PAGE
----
Tuesday, October 18, 2005

Mardi Mishmash

It's too late for a Monday Mishmash. But it's never too late for alliteration. Alors, aujourd'hui je vous présente le "Mardi Mishmash."


It's a tough life, being an umpire. Strange plays. Tough calls. Hostile fans. Angry players. Earl Weaver. Sometimes I'm jealous of officials in other sports. If things get a little out of hand, football referees can throw a penalty flag. Basketball referees can call a technical foul. Tennis officials can assess code violations. But umpires have no middle ground available. It's either an argument or an ejection. Or both.

This time of year, though, what's worst for me is the weather. Sunday morning I tossed my uniform - which, I hasten to add, is shorts and a short-sleeved shirt that breathes very well, great for a hot summer day - in the car and went to my other job, concerned not at all about the morning chill.

Come the end of the day, I got into uniform and took off for the field. The first indication of trouble ahead was the stiff headwind en route. The second indication was when I got out of the car and felt that wind blowing hard across the field. Not a good sign.

The sun was down quickly and the mercury followed it. I don't know for sure, but I'd say it was in the 40s very early. That wasn't the worst, though. The worst was the wind, blowing from right to left, kicking up dust clouds so fierce that at times we had to turn away and wait for it to subside. Blowing pitches off course. Keeping anybody from hitting the ball very far. Getting me worried about frostbite in my fingers, until I was finally able to borrow some gloves. Howling through my facemask. I am not even kidding. It was like having my own personal ghost.

And frankly, when you see a very large formation of geese heading south, it's time for the season to be over.


I have a mouse! Well, I had a mouse before, but now I have the mouse I wanted, thanks to my father, who tracked one down for me in New Jersey after all the stores around here came up empty. The unloved Kensington goes back to the store today or tomorrow, and the little Apple Mouse sits there happily. Thanks, Dad.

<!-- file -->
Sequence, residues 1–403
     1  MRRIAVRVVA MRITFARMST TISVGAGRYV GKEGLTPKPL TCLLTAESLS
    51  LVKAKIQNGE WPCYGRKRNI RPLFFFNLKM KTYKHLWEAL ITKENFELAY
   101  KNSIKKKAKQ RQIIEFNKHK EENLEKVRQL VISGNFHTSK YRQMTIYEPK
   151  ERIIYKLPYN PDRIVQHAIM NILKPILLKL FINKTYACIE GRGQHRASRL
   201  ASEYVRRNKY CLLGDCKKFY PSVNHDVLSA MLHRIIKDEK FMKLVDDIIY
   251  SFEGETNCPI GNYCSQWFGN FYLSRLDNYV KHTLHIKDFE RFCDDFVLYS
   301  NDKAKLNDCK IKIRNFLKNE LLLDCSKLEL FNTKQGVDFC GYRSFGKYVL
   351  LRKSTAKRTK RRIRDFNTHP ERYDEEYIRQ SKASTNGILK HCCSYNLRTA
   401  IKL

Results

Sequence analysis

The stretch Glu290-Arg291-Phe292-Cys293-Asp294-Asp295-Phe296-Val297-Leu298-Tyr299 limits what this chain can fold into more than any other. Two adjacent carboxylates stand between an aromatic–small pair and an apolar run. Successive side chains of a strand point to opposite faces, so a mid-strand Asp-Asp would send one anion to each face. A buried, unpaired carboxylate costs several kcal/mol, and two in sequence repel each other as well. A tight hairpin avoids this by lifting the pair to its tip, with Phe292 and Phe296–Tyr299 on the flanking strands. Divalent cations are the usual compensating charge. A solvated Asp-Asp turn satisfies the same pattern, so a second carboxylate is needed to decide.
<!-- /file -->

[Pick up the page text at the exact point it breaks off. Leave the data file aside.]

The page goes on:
The Inner Columnist has books scattered all over his apartment, and the most recent one he read is called "The Battle to Save the HOUSTON," by John Grider Miller. Originally published in 1985, last year the Inner Columnist acquired a copy of the 2000 reprint and has finally gotten around to reading it.

It's good. It's not edge-of-the-seat reading, but it is a fascinating and quite detailed book on the light cruiser USS HOUSTON (CL-81). Torpedoed off Formosa in October 1944, HOUSTON and her crew embarked on a months-long struggle to save their ship from both the Japanese and the sea. The book is a bit dry in places, and HOUSTON's Commanding Officer is virtually absent from the book - it is dominated by her Damage Control Officer, who was one of the primary sources of material for this book - but the technical details, well-illustrated by photos rarely published, are plentiful without being overwhelming. Recommended.

Also recommended: "We Will Stand By You: Serving In the PAWNEE, 1942-45," by Theodore C. Mason, who was a radioman in the fleet tug PAWNEE, which towed HOUSTON clear of the battle area. Mason's memoir is extremely candid and noteworthy for the youthful perspective it retains, despite being written so many years after the fact. His "Battleship Sailor," about his prewar service in the battleship CALIFORNIA, shares this characteristic, and both are well worth reading more than once.


Logic not doing the job for you? Try The People's Progressive Truth Generator! Here's what it says about me: "Inner Columnist, you are an exploiting rube because you don't root for Cuba!"

Au contraire, mon ami. I do root for Cuba. For a free, democratic Cuba. You know. Like the one being built in Iraq. Which, as you may or may not have heard, voted on the new constitution just the other day. And already there are accusations of fraud. Hey, maybe they are just like us!


Anonymous Anonymous said...

I read "The battle to save the HOUSTON" a year or three ago - the UC library has a surprisingly good collection of military history for a state school.

I, too, found it dry. I thought it was mainly a case of the Langsam Library being stuffy and having dry air. Ugh.

I know you recommend KAIGUN, by Peattie and Evans (it's a possible for my BN card) for the development of doctrine in the IJN, but any recommendations of books to read on the development of how the USN was going to fight the IJN?


6:08 PM  
Blogger Theodore said...

There really isn't a single-volume treatment of the USN's plans to fight the IJN. Not one comparable to "Kaigun," anyway. The closest is Miller's "War Plan Orange," but that book focuses primarily on strategy and pays very little attention to tactics. Bits and pieces of USN tactical thinking can be gleaned from assorted books and articles, but there is not (yet, anyway) one book that covers it. I'm hopeful that some of the researchers currently working in the field will eventually produce one.

10:29 PM  

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